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  • Writer's pictureNachum Kaplan

Don't Set Up Your Child to Fail in Life

One of the most common questions parents ask us is what happens if their child loses interest in Ninjutsu in 2-3 months.

Our advice is always the same. Students should train for a minimum of six months before giving up.

Parents are faced with two seemingly conflicting lessons they can teach their children in this situation. The first lesson is commitment and not giving up easily. Allowing kids to quit things too soon, or as soon as it gets a bit boring or difficult, is teaching them to a quit. This is an absolutely certain recipe for failure. You cannot succeed by being a quitter. It is a cold, hard fact.

However, this cold hard fact also needs to be balanced against something else we need to teach kids. They must also learn that they have the power to make decisions that can improve their lives – and sometimes quitting something might well do that – and that they are not helpless to change their own circumstances.

This is where the six-month minimum comes in. Doing something consistently for six months is long enough to make an informed decision about whether to stop or continue – and it is also long enough for kids to have begun reaping the benefits if training.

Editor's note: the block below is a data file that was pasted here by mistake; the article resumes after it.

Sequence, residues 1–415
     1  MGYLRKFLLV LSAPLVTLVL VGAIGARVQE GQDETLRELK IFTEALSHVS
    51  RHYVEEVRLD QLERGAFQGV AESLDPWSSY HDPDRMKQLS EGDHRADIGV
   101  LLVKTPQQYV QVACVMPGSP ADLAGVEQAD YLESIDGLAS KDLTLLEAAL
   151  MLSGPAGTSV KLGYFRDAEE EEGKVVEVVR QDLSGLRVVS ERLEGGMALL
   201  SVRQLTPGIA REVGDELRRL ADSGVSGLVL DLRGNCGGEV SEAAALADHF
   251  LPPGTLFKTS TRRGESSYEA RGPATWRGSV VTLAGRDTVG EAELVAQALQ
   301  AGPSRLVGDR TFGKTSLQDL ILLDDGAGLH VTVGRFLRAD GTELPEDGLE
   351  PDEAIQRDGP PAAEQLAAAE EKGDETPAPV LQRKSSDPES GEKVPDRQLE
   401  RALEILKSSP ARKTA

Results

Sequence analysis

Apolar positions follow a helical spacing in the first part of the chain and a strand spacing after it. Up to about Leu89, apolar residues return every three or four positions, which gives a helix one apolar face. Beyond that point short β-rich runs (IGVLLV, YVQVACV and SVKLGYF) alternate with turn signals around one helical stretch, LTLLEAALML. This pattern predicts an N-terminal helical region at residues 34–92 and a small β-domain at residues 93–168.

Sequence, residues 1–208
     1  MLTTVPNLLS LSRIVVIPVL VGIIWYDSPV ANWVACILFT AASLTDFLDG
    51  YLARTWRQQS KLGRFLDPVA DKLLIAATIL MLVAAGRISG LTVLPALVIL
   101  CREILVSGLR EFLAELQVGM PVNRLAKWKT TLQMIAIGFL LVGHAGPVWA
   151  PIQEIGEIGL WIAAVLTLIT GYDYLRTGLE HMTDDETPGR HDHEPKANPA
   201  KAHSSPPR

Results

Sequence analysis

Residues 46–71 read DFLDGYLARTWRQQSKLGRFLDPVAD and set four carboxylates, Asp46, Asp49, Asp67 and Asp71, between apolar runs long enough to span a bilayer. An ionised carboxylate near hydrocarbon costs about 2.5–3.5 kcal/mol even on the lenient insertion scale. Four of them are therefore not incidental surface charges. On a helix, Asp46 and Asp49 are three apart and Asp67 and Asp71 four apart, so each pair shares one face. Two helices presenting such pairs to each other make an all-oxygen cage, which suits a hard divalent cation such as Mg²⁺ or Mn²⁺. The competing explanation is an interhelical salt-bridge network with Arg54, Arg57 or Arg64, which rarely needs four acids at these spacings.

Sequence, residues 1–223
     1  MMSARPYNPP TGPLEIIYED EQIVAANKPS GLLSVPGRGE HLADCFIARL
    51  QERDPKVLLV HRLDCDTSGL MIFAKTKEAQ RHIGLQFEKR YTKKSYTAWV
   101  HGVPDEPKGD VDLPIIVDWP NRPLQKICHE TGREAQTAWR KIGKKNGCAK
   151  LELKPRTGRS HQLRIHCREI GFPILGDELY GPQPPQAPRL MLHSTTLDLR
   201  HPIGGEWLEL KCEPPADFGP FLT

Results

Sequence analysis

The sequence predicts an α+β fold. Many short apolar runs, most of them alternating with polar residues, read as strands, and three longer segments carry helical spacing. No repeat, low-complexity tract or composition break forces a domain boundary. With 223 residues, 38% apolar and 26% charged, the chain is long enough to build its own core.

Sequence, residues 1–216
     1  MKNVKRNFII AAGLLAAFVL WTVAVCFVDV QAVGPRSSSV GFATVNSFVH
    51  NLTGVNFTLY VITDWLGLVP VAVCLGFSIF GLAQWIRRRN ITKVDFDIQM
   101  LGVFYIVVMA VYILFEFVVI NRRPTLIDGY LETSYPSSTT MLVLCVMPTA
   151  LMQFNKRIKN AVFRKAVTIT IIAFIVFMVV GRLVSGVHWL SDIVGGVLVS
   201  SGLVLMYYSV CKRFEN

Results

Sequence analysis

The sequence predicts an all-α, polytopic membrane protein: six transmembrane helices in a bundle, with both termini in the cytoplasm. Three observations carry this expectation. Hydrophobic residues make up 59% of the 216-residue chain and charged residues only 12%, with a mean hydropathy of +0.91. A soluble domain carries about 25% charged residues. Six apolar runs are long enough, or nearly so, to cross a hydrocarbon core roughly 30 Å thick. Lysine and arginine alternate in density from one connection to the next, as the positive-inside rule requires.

Crucially, it’s long enough to allow an important feature of a child’s learning cycle play out. Here is what happens when to many kids when the start learning a martial art.

Phase 1: They love it. It’s new, fun and exciting and they learn cool things.

Phase 2: Kids lose a little interest. Some of the stuff that was once new and exciting is less so because they have seen it before. They also discover that while many of things are still cool, they are hard to learn and this can be frustrating. This is when many kids want to quit. Kids often don’t like doing things they are not good at.

Phase 3: The commitment pays off and the kids can now properly do those cool things that excited them originally. Kids LOVE being good at things and this fuels their desire to become even better. They have also learned that they can learn and their next Phase 2 is never as difficult again because they know how to get through it and enjoy the challenge.

If a child drops out too soon, before they have even had the chance to progress through Phase 2 to enjoy Phase 3, they have not even had the chance to succeed. This is worse than trying and failing; it’s basically not even trying.

Six months is long enough for most kids to get through all three phases of the early part of the syllabus and – for most kids – long enough to earn their first belt. Most then choose to continue. If, after all this, they decide it’s not for them, then fair enough. But anything less than six months is setting a child up to fail. Why would you do that?

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